The environment is about to create the biggest business opportunity of all.
Inhernet Stocks are surging again. And biotechnology still has great promise. But I’m betting that the next Bill Gates, whoever he or she is, will be an environmental entrepreneur. Why? Because despite the recent focus on the potential costs to society of climate change, solving this challenge may also present the greatest economic opportunity of our time.The British government report on the economics of climate change by the former World Bank chief economist Sir Nicholas Stern, for example, indicates that the market for low-carbon technologies could generate $500 billion (£265 billion) by 2050.
But that may be conservative. The energy and transport sectors alone now represent almost 15% of the $43,000 billion global economy. If low-carbon, energy-efficient technologies grow to just 10% of this over the next 45 years, that’s a $645 billion market.
And that does not include any environmentally beneficial innovations in manufacturing, consumer goods and services, or many other industries.
Society seems to be approaching a tipping point in its attitude to the environment and, at times like these, new markets are born. Innovation and productivity are unleashed. That’s why some are thinking the drive towards greater resource and energy efficiency will rival the internet boom.
There is already a sharp increase in entrepreneurial and investor activity. In America, investment in the emerging “cleantech” sector has grown from less than 2% of all venture-capital investments in 1999 to more than 13% today, making it the third-largest investment category.
In Europe, more than $2.3 billion has been invested in clean technologies in the past three-and-a-half years alone. Much of this is going into a broad variety of green power technologies, from thin-film solar panels that can be applied direct to windows, to micro-wind turbines that can be mounted just about anywhere, to biofuels that are derived from agricultural waste.
While some green technologies have yet to reach a scale or cost that enables them to compete with conventional alternatives, being green is no longer simply about being responsible or having to sacrifice. In developed economies, the new green is as much about style, performance and comfort as it is efficiency.
Toyota’s sleek hybrid, the Prius, has proved that. And it has set in motion a competitive dynamic that is already changing the entire motor industry.
In developing economies, green technologies are helping countries to raise their standard of living more quickly, cheaply and cleanly, leapfrogging the old western model of development.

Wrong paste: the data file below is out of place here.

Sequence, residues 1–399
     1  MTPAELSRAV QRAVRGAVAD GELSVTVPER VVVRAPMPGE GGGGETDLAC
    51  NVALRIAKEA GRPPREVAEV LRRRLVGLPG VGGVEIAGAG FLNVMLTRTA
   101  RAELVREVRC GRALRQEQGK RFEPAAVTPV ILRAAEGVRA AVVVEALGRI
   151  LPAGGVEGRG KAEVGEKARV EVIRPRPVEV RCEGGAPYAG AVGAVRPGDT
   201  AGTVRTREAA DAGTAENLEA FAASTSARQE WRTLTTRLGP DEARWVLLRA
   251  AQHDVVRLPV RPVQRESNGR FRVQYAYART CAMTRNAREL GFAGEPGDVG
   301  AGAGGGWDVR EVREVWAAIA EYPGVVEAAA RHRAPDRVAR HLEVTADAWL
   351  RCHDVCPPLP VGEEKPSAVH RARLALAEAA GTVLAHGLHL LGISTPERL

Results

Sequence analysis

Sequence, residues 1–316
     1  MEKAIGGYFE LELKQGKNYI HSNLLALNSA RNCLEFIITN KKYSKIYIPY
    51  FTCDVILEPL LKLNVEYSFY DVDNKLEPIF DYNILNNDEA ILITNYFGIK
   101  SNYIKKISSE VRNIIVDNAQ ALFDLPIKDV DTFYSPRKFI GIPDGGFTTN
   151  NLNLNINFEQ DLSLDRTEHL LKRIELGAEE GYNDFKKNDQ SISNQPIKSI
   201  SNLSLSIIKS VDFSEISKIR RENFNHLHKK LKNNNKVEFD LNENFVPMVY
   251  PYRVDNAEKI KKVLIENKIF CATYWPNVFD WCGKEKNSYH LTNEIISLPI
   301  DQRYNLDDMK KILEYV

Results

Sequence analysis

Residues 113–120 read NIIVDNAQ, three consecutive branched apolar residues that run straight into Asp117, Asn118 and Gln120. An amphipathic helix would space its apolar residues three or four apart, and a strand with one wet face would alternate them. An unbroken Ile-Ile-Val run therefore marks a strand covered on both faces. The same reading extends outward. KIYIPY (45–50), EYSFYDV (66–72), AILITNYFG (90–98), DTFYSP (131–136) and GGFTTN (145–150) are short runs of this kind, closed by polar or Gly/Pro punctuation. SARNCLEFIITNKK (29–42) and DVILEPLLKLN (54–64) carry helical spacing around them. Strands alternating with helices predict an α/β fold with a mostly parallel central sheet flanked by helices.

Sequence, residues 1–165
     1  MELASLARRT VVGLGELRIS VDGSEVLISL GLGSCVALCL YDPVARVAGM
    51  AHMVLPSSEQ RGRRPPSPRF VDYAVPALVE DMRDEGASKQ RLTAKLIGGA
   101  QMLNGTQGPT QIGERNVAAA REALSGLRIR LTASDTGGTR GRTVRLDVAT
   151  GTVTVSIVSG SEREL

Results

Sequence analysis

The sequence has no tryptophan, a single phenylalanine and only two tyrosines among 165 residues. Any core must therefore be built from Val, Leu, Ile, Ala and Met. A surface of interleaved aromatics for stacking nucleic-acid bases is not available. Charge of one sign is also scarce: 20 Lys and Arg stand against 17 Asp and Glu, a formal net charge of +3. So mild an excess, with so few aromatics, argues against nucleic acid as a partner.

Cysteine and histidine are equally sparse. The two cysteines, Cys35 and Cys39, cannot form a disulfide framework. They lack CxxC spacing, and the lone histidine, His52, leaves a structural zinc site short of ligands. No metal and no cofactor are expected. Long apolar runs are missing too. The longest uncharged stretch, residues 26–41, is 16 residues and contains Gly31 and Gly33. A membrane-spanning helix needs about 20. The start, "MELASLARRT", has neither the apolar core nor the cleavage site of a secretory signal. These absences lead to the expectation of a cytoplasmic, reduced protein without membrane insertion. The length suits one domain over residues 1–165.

Last year, for example, one of the fastest-growing markets for residential solar applications was in . . . Kenya, where many families who are not on the local grid are using low-cost, low-quality photovoltaic cells to charge a car battery that can power a light, a radio, or perhaps a television for a few hours in the evening.
Some sceptics argue that continued growth in the market for low-carbon, energy-efficient technologies will depend on continued high prices for both oil and carbon. The price of oil and carbon will be key drivers of how fast these technologies are adopted, it’s true. But I am not sure they are as important as some make them out to be. If the early signs of climate change continue to grow, the market will simply demand its own solutions.
So who will be the next Bill Gates? Perhaps it will be the entrepreneur who unlocks the potential of hydrogen. Maybe it will be someone who figures out how to improve greatly our ability to harvest sunlight, or the person who invents a way to suck carbon straight out of the atmosphere.
Perhaps we will even see a merging of the digital revolution with the energy revolution. Vinod Khosla, the founding chief executive of
Sun Microsystems and one of the world’s leading venture capitalists, who has lately focused on biofuels, has said: “Many new Googles and Yahoos and Ebays will be created in this new industry.”
Will addressing climate change and energy scarcity cost us something? Of course. There will be winners and losers and significant economic disruption. But for those who seize the opportunity successfully, green will be the new gold.
Bill Gates became the richest man on earth by helping billions of people to participate in the information age right from their desktop. But I predict that the next Gates will rise through knowledge of green power.
Could it be you?